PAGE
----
Finally, not only are employers/travel managers compelled to act by duty of care, but travelers with accessibility requirements are themselves a needed portion of a resilient and diverse business travel workforce. 

Duty of Care: Travel managers have a responsibility to support their travelers and manage risks.

Data shows that on average, travelers with accessibility needs are not as satisfied with their travel programs as other travelers. According to the Accessio report, traveler satisfaction with their business travel experience is 17 points lower among those with accessibility requirements (2022). Travel managers share this sentiment – only 9% say they are “very satisfied” with their travel program’s accommodations. 

If travelers’ wellbeing is at risk as a result of their business travel, the risk is not only to their overall experience, but to the liability of the company. According to the Accessio report, 70% of travel managers don’t know how many of their travelers have accessibility requirements. While there is no legal obligation for employees to disclose their requirements (and many choose not to), travel managers cannot mitigate or manage risk if they don’t know the full profile of their travelers.  

ROI of Travel: Travelers cannot deliver on their company’s investment when accessibility requirements are not met.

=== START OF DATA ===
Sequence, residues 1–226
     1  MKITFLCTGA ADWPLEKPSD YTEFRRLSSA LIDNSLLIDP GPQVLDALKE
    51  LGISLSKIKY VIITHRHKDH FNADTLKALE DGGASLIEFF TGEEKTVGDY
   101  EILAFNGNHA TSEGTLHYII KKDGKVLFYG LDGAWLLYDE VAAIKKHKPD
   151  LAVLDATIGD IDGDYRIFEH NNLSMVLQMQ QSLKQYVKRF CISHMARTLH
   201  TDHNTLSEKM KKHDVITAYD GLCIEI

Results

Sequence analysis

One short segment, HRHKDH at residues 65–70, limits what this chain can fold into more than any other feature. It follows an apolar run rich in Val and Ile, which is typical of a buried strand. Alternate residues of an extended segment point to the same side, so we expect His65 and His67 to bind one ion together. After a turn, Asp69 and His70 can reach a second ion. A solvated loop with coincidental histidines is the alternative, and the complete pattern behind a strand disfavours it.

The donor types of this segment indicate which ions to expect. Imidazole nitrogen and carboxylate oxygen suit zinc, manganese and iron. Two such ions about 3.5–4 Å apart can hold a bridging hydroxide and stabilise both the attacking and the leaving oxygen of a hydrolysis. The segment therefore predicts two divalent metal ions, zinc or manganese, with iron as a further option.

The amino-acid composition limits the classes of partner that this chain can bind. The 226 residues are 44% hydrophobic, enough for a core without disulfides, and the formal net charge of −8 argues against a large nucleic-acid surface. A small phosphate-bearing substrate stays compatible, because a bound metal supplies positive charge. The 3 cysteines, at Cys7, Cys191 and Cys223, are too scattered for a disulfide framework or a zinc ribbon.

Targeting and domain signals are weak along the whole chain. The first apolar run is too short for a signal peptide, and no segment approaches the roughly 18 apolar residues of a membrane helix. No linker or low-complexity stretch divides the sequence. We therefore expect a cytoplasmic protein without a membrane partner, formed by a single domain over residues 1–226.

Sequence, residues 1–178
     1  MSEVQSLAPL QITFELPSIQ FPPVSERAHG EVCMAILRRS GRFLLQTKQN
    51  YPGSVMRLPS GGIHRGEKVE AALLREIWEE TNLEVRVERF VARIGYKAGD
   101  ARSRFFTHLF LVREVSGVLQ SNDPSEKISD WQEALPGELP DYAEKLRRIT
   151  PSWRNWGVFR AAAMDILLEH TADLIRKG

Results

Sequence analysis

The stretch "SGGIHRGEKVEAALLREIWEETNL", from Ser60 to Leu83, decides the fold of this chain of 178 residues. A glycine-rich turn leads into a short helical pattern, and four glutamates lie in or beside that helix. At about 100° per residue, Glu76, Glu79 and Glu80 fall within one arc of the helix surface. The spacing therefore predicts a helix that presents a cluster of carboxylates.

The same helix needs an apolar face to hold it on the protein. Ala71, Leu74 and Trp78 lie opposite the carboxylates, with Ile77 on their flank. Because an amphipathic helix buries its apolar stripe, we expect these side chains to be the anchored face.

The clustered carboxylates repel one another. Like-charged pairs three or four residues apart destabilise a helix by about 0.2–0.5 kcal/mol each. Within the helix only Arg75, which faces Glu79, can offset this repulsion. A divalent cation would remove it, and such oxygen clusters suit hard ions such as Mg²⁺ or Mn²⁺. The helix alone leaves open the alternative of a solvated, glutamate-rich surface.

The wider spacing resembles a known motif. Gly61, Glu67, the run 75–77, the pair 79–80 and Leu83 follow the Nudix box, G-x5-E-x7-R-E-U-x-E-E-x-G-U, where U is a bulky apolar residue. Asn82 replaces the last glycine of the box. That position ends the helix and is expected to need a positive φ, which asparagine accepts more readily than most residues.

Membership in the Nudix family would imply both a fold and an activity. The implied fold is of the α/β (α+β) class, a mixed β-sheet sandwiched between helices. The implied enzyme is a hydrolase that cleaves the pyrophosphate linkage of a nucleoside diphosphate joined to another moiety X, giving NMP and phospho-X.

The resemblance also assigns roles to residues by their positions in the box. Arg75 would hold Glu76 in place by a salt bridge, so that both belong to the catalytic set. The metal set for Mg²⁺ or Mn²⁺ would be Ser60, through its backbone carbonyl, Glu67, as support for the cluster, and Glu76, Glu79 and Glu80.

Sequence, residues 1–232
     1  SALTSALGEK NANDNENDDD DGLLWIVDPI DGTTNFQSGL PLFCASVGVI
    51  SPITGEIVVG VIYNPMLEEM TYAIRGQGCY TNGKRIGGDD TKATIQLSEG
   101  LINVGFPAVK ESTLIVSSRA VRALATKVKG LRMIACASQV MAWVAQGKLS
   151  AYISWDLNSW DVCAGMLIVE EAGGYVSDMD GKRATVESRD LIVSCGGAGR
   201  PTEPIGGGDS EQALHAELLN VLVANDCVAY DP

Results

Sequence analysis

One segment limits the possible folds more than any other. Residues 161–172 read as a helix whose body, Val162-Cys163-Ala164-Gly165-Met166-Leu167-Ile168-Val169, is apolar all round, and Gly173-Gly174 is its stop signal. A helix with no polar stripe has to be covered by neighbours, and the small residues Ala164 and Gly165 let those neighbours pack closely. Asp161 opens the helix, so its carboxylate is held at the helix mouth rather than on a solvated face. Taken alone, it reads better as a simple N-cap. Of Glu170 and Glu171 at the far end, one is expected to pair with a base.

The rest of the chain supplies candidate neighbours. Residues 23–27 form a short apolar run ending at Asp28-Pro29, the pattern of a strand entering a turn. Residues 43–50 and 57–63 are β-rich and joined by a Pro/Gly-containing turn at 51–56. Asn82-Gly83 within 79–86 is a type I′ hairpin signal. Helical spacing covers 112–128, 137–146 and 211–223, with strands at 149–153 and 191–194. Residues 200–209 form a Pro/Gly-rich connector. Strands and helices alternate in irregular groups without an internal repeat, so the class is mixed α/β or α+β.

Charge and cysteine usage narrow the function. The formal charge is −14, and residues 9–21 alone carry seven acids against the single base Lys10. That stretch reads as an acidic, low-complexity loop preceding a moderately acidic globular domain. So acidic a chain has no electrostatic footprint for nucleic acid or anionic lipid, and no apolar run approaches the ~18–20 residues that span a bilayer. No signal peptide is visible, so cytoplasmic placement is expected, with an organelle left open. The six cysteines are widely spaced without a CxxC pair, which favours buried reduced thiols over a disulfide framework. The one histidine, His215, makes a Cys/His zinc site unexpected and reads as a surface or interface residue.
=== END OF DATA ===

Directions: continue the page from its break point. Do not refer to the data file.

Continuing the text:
A certain level of trip planning can be expected for all business travel. However, travelers with accessibility requirements often have to go above and beyond to plan their trip. Extra time spent on booking, finding information, navigating websites, and going through extra approvals is time that could be spent otherwise (see Module 6). 

Travel suppliers should also understand that travelers with accessibility requirements’ average spend per trip is higher. They more often book premium air travel and higher star rated hotels (Accessio 2022). In fact, travelers with disabilities represent a $70 billion market. These travelers are not a niche. 

DEI Objectives: Companies and DEI programs must deliver upon objectives to provide equitable working conditions for all.